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Connie Livingston Tom J. Bechman
WELCOME SURPRISE: Connie Livingston, daughter of the late Tom Fouts, also known as Captain Stubby, attended the 100th anniversary of the American Soybean Association. Stubby’s grandfather was Finis Fouts, one of three brothers who hosted the field day that led to ASA being established.

Captain Stubby traces back to soybean association founder

Commentary: The famous late humorist’s daughter and family members celebrated ASA’s 100th birthday.

Captain Stubby was one of the most beloved columnists ever in Prairie Farmer and Indiana Prairie Farmer magazines. The country humorist wrote columns and appeared at the Farm Progress Show doing his comedy routine in the Family Living Tent for 50 years. He was part of the WLS Barn Dance in the 1940s and played with a musical group. Stubby also delivered sidesplitting speeches at farm group gatherings. He died in 2004.

Here’s a part of the story you may not know. His real name was Tom Fouts, and he lived near Walton, Ind. While he didn’t farm himself, his farm roots ran much deeper than just living in the country and making farm people laugh.

It turns out Tom’s grandfather Finis Fouts was one of three brothers who held a field day on their farm on Sept. 3, 1920, that changed American agriculture. Noah, Finis and their youngest brother, Taylor, were growing a new crop called soybeans. They worked with it for some 20 years before finding enough success to host a field day that drew 1,000 people from six states to Soyland, Taylor’s farm near Camden, Ind.

The assembled group formed the National Soybean Growers Association and elected Taylor Fouts president. A few years later, the name was changed to the American Soybean Association.

100th anniversary

Several relatives of the Fouts family joined the 100th anniversary celebration of ASA’s founding on Aug. 4. Among them was Connie Livingston, Captain Stubby’s daughter.

“It was great to be a part of this,” she says. “Several of our immediate family were there, and we enjoyed reliving the history of our relatives.”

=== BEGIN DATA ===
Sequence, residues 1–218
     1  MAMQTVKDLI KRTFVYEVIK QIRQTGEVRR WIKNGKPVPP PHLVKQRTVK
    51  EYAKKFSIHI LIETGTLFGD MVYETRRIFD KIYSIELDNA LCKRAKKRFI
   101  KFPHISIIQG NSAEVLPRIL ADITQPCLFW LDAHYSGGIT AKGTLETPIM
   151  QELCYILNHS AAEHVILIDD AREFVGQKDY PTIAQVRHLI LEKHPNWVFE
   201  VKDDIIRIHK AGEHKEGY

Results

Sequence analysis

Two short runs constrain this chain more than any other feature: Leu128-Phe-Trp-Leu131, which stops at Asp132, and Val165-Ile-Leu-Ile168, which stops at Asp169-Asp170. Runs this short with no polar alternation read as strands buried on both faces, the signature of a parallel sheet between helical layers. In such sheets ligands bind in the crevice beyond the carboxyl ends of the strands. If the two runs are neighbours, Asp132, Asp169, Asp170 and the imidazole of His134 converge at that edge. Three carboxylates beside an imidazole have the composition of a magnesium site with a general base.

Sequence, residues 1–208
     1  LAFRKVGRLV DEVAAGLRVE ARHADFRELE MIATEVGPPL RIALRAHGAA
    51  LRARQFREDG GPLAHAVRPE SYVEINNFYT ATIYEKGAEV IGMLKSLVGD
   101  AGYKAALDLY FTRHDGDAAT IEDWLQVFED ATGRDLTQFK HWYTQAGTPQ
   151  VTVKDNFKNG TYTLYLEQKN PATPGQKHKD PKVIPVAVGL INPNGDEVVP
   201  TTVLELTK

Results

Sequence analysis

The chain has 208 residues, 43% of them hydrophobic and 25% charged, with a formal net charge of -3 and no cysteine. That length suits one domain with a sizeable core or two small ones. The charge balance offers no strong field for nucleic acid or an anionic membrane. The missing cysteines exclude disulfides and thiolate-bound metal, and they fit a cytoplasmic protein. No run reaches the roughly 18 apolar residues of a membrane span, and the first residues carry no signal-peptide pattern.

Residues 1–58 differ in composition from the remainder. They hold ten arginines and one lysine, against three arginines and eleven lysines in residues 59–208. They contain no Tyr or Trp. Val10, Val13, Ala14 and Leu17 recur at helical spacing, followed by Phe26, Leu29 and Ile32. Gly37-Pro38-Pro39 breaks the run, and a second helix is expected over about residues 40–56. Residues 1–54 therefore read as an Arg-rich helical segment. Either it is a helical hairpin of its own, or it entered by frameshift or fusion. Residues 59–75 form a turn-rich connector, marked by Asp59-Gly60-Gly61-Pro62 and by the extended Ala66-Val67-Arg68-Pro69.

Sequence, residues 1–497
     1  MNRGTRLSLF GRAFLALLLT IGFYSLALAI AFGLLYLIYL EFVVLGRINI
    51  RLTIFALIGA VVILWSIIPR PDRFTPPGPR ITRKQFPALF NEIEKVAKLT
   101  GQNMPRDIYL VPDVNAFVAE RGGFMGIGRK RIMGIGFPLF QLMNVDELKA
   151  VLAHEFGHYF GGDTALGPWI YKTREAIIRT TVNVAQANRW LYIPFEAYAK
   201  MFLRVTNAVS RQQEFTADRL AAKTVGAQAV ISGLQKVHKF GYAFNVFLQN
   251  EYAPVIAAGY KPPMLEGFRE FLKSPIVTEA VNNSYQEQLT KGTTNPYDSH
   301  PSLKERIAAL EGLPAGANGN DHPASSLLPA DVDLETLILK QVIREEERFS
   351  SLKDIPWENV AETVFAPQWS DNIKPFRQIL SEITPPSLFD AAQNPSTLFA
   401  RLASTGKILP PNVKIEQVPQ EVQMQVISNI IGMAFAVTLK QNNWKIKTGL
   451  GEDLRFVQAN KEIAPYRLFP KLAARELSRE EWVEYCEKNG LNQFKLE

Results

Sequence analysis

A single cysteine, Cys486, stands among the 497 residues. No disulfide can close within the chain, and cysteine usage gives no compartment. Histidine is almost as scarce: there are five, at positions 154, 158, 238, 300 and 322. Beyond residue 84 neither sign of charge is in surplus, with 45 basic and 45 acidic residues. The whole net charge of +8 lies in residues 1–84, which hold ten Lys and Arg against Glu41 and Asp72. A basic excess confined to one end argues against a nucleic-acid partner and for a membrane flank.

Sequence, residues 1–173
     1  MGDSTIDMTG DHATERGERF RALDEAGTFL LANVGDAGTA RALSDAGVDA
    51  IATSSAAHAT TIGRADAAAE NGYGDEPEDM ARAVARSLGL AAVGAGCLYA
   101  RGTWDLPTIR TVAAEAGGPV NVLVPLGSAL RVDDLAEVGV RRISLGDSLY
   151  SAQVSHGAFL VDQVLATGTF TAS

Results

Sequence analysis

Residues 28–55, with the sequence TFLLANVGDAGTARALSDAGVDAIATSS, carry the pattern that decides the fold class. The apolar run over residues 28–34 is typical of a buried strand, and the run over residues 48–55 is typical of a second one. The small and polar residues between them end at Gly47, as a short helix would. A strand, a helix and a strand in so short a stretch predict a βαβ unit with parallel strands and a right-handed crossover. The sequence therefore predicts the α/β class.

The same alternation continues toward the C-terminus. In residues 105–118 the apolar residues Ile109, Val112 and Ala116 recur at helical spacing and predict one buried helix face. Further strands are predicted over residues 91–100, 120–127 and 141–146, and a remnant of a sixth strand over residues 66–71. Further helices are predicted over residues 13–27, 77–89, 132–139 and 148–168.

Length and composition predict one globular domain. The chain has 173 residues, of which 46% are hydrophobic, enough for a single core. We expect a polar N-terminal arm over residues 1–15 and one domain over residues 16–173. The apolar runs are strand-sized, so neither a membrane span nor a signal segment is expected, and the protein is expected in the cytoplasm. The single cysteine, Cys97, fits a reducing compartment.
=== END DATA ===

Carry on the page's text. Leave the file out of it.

It was also a good day to remember her father, Captain Stubby. Here’s a personal memory that I shared with Connie. During an early 2000 Farm Progress Show, Stubby came to the small trailer where the Farm Progress editorial staff gathered to write. It was located right behind the Family Living Tent. Stubby had suffered from a major health setback, and he could barely step into the trailer. He looked pale and feeble. I wasn’t sure he could stay standing.

Soon someone with him said, “It’s time,” and he left the trailer. Editors looked at each other and commented that he didn’t look well. How could he do a show?

Just a few minutes later, still sitting in the trailer, we heard this loud, booming voice! It was Captain Stubby, sounding like nothing was wrong. He launched into his routine, and we heard roaring laughter for most of the next 30 minutes.

Afterward, I was outside and noticed Stubby walking away, again looking feeble and pale. “That was my dad,” Connie says. “He was a great performer, and he wouldn’t let people down.”

Now you know his ancestors were also important to agriculture. They believed in soybeans and used the same tenacity Stubby used to get ready for a performance to help get a fledgling crop off to a good start.

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